Archive | August, 2013

The Bombing of Barrow-in-Furness 1941

21 Aug

At the outbreak of World War Two in 1939, Barrow-in-Furness a working class town in North West England had a population in the region of 68,000. Many generations of men and women worked in the main industries of Shipbuilding and Engineering works of Vickers –Armstrong, the Barrow Steelworks and of course the Barrow Docks. Due to the involvement in the rearmament work it was obvious to all in the town, we would be a target for enemy bombing and that proved to be the case in 1941
When war was declared in 1939 the defence of the town and Air raid precautions were set in place. Air Raid Shelters were built to cater for all inhabitants of the Town. On my own side of the street, there were 7 shelters built on the back side of the street, for housing the 28 families. The shelters were divided into two sections with a small steel door dividing the shelter. Usually three families were designated either side of the shelter. Each shelter had three bunk beds fitted. Every able bodied man who worked in the industries had a job to do, whether it was an Air raid warden, Fire watcher, Ambulance Driver, Firemen, Nursing or being in the Home Guard. Anti-Aircraft guns, barrage balloons, Sirens and smoke screens were set up in various areas of the town and rehearsals for what was eventually coming were constant. One has also to remember many of the able bodied men not associated with the rearmament, were called up into the services.
During the early days of 1941 Lord Haw Haw (William Joyce) broadcast from Berlin to British listeners, that Barrow-in-Furness had not been forgotten. We were certainly not forgotten. The Blitz on Barrow-in Furness was not long, but came on the nights of 14th to 16th of April and 3rd to 10th May. In that short time over 100 houses were destroyed and 500 more later had to be demolished. The shipyard was bombed, one notable direct hit was the big crane with both firewatchers killed who were on it at the time. Barrow Railway station got a direct hit. The Copper Nob which is now housed in York was situated on a plinth on the approach to the station and was damaged. If one visits the York Railway museum you can still see the shrapnel marks on the Copper Nob. The houses surrounding the Industries took the bulk of the bombing.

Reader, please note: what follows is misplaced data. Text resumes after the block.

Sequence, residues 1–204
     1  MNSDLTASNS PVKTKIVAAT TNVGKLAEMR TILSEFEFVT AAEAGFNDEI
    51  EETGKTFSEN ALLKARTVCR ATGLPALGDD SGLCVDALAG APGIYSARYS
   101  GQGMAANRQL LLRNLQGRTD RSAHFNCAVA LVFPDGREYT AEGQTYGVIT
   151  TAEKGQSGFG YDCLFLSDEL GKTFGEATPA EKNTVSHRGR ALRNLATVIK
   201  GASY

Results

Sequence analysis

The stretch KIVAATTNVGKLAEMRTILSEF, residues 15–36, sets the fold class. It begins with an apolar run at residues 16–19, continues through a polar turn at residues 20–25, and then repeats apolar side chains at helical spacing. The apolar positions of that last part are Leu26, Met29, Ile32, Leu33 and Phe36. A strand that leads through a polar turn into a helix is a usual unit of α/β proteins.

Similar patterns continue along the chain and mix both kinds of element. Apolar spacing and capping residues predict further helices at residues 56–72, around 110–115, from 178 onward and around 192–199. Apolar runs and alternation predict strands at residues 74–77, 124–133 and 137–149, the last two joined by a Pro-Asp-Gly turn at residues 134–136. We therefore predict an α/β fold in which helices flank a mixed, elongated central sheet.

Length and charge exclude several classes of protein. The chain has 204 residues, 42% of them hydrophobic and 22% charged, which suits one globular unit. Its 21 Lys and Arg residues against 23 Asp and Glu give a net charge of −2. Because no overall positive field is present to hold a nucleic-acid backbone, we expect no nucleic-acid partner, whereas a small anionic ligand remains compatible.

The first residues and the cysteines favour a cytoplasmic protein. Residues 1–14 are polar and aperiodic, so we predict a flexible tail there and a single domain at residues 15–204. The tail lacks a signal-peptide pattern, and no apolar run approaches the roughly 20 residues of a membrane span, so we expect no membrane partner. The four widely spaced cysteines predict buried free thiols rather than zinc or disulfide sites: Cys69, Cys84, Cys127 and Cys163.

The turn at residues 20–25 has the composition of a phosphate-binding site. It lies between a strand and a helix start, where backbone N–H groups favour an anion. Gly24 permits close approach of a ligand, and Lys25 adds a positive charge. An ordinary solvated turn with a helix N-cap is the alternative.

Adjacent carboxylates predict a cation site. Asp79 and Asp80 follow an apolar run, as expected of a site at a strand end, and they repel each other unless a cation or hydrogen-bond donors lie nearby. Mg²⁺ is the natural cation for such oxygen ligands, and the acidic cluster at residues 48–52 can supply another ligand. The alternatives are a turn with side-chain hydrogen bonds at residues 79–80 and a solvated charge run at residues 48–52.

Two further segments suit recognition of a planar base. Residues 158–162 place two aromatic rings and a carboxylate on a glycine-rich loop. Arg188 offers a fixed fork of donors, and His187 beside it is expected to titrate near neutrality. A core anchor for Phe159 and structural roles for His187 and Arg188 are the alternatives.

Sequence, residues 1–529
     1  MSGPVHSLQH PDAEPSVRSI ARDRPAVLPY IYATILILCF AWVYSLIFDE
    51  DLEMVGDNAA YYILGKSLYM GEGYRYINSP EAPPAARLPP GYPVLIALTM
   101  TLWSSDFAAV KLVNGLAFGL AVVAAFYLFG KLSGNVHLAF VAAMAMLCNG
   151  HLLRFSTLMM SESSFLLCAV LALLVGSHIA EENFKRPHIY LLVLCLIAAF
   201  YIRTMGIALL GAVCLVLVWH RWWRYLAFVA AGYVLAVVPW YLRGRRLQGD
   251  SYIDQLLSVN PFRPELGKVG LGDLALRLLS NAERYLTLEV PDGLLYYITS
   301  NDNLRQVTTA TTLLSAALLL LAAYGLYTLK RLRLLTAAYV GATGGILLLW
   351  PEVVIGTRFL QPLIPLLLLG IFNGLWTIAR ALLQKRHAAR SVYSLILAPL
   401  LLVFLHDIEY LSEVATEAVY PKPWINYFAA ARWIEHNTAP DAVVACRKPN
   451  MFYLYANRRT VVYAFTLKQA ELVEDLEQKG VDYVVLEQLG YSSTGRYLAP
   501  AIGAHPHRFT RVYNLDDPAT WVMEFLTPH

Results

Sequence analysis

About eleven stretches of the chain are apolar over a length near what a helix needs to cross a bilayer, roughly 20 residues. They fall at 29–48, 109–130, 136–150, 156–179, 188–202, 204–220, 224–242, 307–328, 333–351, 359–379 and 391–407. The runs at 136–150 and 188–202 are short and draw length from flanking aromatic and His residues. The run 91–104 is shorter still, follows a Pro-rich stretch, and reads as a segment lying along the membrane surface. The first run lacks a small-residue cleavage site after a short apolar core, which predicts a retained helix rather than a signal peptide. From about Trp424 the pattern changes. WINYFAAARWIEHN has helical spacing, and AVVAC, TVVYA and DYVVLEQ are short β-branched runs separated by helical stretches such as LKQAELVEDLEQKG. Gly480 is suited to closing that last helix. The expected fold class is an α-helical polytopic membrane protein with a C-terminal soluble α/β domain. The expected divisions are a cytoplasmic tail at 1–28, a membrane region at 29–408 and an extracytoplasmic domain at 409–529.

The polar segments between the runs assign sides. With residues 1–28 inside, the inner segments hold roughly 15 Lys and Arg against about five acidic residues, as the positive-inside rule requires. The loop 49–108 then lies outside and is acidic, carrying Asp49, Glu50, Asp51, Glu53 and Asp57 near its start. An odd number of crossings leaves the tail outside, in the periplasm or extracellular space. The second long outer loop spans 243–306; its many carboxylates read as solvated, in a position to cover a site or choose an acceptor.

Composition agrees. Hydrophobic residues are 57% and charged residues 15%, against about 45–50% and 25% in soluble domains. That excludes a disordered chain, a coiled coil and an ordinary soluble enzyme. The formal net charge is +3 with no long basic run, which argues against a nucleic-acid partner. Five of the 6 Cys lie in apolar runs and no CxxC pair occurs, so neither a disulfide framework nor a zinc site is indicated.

There were Eighty three killed and over three hundred injured during the blitz on Barrow-in-Furness. Compared with the big cities we got off lightly but one death is a big price to pay. My Father was an Electrician by day and his duty was a Fire Watcher at night on Walney Island promenade. He told me the first bombs he heard dropped went into the sandy mud between Walney Island and the Shipyard. He said he just heard plop, plop and plop. The unexploded bombs will still be well down in the muddy sand this present day. Incidentally I still have my Father’s steel helmet. The people of Barrow-in-Furness and surrounding areas did what the nation asked of them. Hopefully the many future generations of Barrovians will look back with pride in what their fore fathers and mothers did during the Blitz. I was seven years of age when Victory came in 1945 and it is only when one gets older and much wiser. That I am proud to say, it was a privilege in my life, that I was amongst honest, brave and hardworking people of my home town of Barrow-in Furness, all those years ago.
Alan

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